First, let’s identify the classic mistake we all can make as humans: making our occupation part of our self-identification — our ego, so to speak. When asked to describe oneself, “occupation” is usually one of the first identifiers on the script. Now, this is not so bad and understandably difficult to avoid when, as children, we were constantly asked what we wanted to be when we grew up. This drumbeat continues through school until we, as adult children, have to “be” something to be “something.” How do we break this cycle? How does one become aware that they, the individual, are not defined by a career, successes or failures in the workplace, or the title after their name?

The short answer is that this process can take time, dutiful practices and self-reflection. A simple meditation or mindful breathing can be helpful. Simply put, some inner-work-type stuff, which experts can help you explore. But you get the idea. Learning new language and self-talk is a key to disconnect your “self” — your ego — from your occupation. Disconnect from your position in the sense that it’s yours. Become merely a caretaker of the position for the following individual in line. You are the same person with or without this job. You can still enjoy the fruits of your labor and your co-workers’ companionship without an emotional attachment to the occupation, and in many ways, the job will become more enjoyable.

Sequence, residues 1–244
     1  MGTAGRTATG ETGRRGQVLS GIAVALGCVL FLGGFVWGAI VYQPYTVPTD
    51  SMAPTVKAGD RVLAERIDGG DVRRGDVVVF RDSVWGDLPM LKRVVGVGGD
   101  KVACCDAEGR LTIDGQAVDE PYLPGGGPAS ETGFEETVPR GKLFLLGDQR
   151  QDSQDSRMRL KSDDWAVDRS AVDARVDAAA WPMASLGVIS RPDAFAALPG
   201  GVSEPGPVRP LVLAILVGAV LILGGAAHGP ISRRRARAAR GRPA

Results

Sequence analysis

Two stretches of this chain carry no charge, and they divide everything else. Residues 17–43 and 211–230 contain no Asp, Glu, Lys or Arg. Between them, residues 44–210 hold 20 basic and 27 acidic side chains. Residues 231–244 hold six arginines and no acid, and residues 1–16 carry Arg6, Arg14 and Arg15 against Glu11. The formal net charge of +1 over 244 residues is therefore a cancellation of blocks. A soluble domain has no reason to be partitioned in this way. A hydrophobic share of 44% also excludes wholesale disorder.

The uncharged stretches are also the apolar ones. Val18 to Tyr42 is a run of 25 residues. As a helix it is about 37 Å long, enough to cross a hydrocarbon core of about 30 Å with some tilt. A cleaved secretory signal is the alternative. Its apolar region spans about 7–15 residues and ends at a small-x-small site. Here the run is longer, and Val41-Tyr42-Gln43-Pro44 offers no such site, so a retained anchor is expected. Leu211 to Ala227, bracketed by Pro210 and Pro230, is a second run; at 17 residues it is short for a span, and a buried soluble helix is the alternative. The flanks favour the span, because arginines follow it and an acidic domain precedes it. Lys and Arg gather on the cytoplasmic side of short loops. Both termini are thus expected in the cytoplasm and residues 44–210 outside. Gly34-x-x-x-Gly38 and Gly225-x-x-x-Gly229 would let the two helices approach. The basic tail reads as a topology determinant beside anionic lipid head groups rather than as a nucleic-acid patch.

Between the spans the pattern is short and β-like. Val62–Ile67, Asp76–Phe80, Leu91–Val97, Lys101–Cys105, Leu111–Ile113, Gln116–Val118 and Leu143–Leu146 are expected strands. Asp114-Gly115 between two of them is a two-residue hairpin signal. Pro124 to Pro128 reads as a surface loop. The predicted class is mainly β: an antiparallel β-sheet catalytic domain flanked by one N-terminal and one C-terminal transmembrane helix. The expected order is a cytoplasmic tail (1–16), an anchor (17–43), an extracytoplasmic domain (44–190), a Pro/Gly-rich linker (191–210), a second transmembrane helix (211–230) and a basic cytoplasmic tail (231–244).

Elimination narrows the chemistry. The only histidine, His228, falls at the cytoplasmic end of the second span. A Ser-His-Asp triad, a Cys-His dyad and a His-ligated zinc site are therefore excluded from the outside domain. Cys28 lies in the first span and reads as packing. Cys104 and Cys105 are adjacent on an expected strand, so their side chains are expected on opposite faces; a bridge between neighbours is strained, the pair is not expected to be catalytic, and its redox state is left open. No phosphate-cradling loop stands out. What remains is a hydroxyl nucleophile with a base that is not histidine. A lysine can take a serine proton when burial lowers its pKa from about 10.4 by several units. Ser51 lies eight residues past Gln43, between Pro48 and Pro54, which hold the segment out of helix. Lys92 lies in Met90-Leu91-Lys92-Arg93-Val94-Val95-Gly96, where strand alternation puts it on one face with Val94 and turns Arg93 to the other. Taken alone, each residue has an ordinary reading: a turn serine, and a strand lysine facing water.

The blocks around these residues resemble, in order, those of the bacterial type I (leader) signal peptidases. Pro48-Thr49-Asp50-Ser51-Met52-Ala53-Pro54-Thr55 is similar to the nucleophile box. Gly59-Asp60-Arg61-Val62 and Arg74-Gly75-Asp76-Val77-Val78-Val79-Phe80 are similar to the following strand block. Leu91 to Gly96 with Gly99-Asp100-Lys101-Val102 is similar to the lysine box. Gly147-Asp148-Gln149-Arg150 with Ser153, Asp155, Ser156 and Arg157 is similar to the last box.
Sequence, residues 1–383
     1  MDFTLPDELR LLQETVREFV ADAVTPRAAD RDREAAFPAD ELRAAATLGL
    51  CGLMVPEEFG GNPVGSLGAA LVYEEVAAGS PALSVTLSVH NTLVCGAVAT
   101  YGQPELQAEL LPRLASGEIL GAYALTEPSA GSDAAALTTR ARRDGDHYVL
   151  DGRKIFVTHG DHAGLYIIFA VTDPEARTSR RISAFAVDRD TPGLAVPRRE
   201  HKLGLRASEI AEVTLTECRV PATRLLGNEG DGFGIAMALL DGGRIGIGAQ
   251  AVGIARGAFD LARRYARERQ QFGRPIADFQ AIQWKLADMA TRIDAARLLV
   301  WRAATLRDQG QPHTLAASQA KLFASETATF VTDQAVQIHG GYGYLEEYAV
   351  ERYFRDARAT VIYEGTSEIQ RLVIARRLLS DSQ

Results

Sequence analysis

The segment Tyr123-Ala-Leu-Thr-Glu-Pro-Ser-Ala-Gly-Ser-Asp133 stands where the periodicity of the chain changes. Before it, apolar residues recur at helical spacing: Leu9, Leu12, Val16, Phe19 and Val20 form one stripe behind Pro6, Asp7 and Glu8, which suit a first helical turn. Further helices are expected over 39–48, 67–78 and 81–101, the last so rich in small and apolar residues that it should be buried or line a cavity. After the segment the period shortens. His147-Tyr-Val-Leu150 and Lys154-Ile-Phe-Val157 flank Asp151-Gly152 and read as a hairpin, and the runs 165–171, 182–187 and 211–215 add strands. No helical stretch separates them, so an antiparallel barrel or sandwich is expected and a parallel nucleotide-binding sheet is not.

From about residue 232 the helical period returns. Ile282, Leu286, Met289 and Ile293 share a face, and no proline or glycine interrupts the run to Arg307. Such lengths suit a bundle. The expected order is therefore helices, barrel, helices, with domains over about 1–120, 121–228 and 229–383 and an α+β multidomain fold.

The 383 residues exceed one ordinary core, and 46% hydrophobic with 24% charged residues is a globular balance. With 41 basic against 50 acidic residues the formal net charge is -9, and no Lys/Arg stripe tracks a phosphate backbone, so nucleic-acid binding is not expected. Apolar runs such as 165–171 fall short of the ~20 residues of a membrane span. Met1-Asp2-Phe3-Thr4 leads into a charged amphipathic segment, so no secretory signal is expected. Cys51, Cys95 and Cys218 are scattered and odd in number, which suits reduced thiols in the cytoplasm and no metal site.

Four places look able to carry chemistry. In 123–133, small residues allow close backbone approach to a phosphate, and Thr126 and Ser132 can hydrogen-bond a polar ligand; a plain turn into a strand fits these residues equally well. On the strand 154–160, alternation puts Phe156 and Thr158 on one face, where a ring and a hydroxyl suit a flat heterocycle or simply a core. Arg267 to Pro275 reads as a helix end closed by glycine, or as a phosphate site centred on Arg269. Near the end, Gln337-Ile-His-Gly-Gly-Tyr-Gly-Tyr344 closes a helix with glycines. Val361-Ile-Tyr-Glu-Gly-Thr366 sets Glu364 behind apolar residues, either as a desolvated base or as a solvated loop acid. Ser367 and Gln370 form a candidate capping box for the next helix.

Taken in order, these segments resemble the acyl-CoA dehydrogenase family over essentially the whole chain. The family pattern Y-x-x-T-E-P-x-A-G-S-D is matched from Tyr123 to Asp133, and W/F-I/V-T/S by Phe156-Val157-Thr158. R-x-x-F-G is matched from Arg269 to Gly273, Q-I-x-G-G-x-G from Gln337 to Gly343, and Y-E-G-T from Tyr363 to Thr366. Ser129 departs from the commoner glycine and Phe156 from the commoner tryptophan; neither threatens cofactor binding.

Editor’s note: “Remember: No matter how much you love your golf course, unless you own it, it does not belong to you.” Read more career guidance from veteran superintendent Dennis Lyon, CGCS, in Job security: 8 ways to stay indispensable.

Coming to terms

Even so, it’s still not your fault. It’s your boss or your co-workers or new management who are the real problem, right? Maybe. But there’s a phenomenon guiding every situation in our lives that some refer to as “co-creation.” This means that the minute you took the job, you co-created the situation that it could be taken from you one day. That’s essentially the beginning and end of this, but I’ll elaborate a bit more.